How do the above two types of food sources floating in the water column get incorporated into the sediment, and how does that signal change through the seasons of the year?
This work adds detail on the broader approach above, giving it temporal resolution, identifying key pathways though which the seabed benefits from these food sources, and providing an understanding on whether the carbon in those food sources ends up “locked up” in the sediment habitat, or whether it is recycled and lost again to the water column. This later part is crucial to understand whether the important role played by seaweeds in taking CO2 from the water (and therefore increasing the ability of the ocean to absorb more CO2 from the atmosphere) indeed promotes a permanent sequestration of CO2 from the atmosphere, or whether it is just a seasonal, temporary process.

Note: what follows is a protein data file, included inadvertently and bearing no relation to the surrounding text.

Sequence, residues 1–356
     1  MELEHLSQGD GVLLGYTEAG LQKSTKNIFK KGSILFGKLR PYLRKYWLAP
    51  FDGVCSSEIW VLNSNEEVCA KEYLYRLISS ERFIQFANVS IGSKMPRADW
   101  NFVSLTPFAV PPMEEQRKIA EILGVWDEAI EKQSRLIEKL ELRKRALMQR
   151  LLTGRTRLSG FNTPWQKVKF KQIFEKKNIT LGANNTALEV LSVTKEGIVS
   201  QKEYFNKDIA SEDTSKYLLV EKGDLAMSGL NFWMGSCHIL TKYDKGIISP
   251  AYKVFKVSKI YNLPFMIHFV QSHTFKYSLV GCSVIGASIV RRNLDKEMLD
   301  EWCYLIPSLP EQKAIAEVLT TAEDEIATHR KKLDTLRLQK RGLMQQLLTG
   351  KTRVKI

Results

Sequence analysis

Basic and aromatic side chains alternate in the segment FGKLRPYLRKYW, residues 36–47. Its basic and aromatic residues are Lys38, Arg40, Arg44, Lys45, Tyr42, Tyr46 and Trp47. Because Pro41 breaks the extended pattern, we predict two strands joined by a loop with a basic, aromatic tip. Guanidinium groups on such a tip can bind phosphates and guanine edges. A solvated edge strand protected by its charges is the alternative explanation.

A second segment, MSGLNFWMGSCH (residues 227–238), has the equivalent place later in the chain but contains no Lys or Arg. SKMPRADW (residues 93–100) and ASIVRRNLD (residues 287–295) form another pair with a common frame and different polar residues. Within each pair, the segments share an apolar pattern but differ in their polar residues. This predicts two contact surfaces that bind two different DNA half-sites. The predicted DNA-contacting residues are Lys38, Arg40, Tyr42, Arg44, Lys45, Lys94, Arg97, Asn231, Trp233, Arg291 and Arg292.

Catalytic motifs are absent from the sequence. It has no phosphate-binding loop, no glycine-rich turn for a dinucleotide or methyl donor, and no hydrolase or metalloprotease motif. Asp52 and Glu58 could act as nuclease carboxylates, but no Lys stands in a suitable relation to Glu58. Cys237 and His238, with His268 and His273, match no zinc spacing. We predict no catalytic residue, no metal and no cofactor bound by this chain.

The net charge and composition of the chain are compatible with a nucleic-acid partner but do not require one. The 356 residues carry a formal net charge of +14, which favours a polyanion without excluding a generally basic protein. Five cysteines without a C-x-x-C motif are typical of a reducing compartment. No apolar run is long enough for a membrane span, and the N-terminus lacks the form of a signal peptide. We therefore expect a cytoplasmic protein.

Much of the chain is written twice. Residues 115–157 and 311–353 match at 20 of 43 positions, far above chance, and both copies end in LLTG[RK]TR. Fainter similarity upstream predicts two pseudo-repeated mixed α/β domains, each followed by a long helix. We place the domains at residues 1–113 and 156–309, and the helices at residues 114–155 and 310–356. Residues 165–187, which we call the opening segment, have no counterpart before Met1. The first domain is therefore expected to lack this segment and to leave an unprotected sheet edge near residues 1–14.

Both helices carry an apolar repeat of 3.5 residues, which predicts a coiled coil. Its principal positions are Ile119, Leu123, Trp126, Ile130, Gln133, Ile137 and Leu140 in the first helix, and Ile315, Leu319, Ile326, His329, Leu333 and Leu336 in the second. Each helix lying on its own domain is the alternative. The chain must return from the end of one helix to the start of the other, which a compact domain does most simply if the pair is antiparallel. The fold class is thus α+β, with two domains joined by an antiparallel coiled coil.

For this, MERP scientists have been running R.V Plymouth Quest cruises every 8-10 weeks to the reference site known as 'L4', 15 km SW of Plymouth. Here scientists have been using corers to get field data, and bringing sediment cores to the lab where we use different techniques, including stable isotopes for carbon and nitrogen. Key pathways investigated are: feeding processes (from the species filtering what is in the water column as food, to those eating them, small and large); bioturbation (the way in which animals burrowing in the sediment may bury fresh food like seaweed debris and plankton settling on the sediment surface and therefore make it available to deeper burrowing animals); and bioirrigation (the flushing of the sediment by burrowing animals, which may lead to a new release of the carbon that was once eaten (as seaweed and plankton) back to the water column.